I am always grateful to hear from the hon. Gentleman. I know that his constituency is a very rural one with an island population, which creates particular challenges. Much of the broadband roll-out is being driven by the Scottish Government. Their R100 programme has had some problems, and I have spoken to Ivan McKee about how we can assist with those. We are keeping a very close eye on the matter, because we want to make sure that every part of our country is covered by this connectivity and is not disadvantaged by some of the local ways in which the projects are being managed.
The Gigabit Broadband Voucher Scheme is not working as intended in the smaller rural villages of Tatton. The community groups have found that the scope of the local authority contract includes commercially viable areas, but excludes the remote areas. I thank the Minister for being very helpful, but, ironically, the more work that we did, the more we exposed the weaknesses. Will she meet me, representatives of Lower Peover and Building Digital UK to solve the issue?
I thank my right hon. Friend for all the work that she has done to make sure that Cheshire is connected. I have looked at the issues of Lower Peover. In particular, she highlights challenges with the voucher scheme. I want to assure her that we have upped the amount that can be claimed to £1,500 per premises. I am always happy to meet hon. Members on these issues, but I also hold BDUK surgeries regularly, so please book in for those, but, of course, I will meet her personally to discuss this.
I thank the Minister for her answers and for the help that the central Government at Westminster give to Northern Ireland for rural broadband. One issue is banking, online shopping and postal services. Has the Minister had the opportunity to assess how, in relation to rural broadband, these things impact on banking services in rural areas? We are moving forward to new technology and new times. We need help.
The hon. Gentleman highlights just how important good connectivity is to accessing all the services that are going online. One great thing about Northern Ireland is some of the progress that it has made on gigabit connectivity from its contract with Fibrus, and we thank Fibrus for all that it has done. I am happy to look into any of the issues that he raises, but, as I have said, he highlights very well just why it is so important that people do have that connectivity.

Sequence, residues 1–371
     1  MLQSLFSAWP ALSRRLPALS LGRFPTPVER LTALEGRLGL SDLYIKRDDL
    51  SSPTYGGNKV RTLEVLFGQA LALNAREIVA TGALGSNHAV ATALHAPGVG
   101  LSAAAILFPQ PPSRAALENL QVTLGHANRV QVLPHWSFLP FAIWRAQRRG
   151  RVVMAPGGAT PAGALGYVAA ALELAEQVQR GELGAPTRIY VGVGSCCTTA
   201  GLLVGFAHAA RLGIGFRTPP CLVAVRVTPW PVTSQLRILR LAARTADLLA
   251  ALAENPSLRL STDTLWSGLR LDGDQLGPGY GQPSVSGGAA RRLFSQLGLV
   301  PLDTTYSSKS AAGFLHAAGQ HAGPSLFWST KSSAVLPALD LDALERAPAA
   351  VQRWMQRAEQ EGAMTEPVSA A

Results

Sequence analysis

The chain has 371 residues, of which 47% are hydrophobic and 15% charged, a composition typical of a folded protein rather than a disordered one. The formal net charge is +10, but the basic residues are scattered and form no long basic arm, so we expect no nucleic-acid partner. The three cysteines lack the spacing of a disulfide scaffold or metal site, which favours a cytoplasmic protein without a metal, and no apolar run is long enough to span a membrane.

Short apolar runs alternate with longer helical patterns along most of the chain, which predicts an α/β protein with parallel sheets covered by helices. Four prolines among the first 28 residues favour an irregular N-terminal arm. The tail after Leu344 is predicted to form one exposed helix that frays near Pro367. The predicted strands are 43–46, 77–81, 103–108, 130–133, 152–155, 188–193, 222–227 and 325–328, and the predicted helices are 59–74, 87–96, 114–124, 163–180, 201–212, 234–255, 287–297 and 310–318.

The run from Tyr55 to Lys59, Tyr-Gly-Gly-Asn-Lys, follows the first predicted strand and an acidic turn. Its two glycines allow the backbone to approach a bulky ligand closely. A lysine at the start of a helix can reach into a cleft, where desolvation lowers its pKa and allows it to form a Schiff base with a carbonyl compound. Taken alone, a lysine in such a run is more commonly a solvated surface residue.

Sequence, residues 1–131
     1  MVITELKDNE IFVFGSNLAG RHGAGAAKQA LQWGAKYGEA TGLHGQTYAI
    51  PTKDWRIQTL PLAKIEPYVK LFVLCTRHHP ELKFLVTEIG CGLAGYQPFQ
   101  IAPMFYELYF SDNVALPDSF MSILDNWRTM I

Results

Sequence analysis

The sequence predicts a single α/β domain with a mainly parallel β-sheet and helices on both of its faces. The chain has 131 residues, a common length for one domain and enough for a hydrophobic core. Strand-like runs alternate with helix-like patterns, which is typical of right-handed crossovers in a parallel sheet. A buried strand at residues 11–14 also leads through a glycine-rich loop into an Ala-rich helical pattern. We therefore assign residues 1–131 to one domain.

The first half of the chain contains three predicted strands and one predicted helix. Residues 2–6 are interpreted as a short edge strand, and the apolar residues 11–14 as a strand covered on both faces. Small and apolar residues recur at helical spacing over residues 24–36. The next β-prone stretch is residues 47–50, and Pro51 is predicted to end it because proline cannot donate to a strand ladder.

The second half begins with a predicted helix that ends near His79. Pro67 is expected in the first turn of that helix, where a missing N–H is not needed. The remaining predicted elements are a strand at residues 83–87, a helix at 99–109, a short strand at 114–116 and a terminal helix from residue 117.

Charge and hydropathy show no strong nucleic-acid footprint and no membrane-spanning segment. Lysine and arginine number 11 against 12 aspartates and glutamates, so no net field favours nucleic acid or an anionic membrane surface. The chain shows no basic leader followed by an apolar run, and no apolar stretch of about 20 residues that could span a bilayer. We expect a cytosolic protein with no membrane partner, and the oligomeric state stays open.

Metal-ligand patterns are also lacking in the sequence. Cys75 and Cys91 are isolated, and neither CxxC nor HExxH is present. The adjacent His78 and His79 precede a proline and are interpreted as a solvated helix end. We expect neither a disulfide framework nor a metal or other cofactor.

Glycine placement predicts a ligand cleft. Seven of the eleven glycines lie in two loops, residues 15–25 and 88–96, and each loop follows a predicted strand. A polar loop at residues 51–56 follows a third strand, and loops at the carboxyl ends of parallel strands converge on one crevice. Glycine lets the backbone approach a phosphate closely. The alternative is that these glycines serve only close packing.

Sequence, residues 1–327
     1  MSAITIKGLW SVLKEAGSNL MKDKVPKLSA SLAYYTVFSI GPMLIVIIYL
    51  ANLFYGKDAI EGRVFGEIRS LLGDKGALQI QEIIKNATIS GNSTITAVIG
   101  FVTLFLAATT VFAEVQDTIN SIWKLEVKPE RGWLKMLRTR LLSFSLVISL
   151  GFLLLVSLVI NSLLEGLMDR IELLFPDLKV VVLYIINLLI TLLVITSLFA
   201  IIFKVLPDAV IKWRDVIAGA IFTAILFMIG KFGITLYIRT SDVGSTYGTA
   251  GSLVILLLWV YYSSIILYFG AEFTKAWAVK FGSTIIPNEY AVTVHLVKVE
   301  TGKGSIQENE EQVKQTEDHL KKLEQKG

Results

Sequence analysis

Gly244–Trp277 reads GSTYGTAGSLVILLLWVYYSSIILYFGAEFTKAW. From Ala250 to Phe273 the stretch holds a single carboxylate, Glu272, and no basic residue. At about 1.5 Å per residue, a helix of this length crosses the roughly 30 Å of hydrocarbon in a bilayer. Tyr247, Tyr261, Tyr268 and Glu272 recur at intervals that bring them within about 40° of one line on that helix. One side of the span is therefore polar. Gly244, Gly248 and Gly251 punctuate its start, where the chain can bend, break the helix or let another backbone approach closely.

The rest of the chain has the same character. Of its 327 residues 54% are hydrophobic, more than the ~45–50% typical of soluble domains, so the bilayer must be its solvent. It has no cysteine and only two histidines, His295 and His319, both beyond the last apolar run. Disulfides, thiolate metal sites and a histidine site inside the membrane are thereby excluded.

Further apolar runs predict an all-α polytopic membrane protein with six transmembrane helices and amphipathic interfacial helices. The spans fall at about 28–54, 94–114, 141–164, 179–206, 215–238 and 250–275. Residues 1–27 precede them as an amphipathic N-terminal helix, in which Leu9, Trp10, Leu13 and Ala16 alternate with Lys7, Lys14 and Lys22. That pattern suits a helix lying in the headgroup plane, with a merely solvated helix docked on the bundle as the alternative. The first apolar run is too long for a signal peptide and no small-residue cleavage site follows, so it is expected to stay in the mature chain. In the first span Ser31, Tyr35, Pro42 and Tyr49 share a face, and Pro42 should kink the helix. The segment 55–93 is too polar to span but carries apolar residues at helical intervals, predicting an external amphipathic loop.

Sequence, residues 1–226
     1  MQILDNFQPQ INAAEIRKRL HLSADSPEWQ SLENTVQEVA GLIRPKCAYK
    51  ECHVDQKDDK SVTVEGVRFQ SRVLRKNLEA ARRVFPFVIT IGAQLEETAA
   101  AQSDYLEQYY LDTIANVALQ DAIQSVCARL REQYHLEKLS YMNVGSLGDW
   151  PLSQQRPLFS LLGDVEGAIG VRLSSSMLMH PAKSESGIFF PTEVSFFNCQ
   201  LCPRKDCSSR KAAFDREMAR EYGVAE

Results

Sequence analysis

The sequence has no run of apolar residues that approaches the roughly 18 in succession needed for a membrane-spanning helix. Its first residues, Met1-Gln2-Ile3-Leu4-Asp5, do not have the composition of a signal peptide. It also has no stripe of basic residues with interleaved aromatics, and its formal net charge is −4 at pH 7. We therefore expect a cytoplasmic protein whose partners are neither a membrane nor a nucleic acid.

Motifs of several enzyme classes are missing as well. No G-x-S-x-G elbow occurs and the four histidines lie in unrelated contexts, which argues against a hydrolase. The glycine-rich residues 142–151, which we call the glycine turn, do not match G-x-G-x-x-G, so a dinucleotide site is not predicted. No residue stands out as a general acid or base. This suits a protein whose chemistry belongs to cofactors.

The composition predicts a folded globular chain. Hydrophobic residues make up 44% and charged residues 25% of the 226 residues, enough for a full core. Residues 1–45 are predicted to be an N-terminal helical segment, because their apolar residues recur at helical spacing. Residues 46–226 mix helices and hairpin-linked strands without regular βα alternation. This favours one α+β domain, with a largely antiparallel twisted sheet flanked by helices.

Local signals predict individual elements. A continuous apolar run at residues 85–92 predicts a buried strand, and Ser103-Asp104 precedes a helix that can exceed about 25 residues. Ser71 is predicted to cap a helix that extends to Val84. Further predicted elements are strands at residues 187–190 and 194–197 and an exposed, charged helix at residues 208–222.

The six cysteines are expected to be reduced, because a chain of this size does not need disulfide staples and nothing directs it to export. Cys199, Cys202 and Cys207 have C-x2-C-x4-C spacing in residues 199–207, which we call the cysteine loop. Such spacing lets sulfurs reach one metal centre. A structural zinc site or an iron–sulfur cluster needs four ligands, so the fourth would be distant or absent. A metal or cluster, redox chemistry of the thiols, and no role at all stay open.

Thank you, Mr Speaker. I wish to begin by echoing your words about Holocaust Memorial Day.
From April, families across the country will face a 14% rise to their broadband bills, but, even before that increase, there were already more than 1 million households struggling to pay for the internet. Expanding gigabit coverage is vital, but it is pointless if families cannot afford a broadband package. How will the Department work with Ofcom to examine the impact of mid-contract price increases and wholesale prices rising by inflation?
I thank the hon. Lady for her question. She is right to highlight the cost of living challenges that are affecting so many households. We have worked hard on this. It is important that we have a stable regulatory framework that allows companies to invest, but we have hitherto had some of the most competitive telecoms prices in Europe and consumers have benefited from that. In relation to those who are really struggling with their bills, we have done a lot of work with telecoms providers on social tariffs. Unfortunately, the uptake of those tariffs is not where it should be, so I ask every Member of this House to help us raise awareness, because their constituents can get deals from as little as £10 a month. Trying to get them that connectivity is so important to people’s job chances, life chances and so on.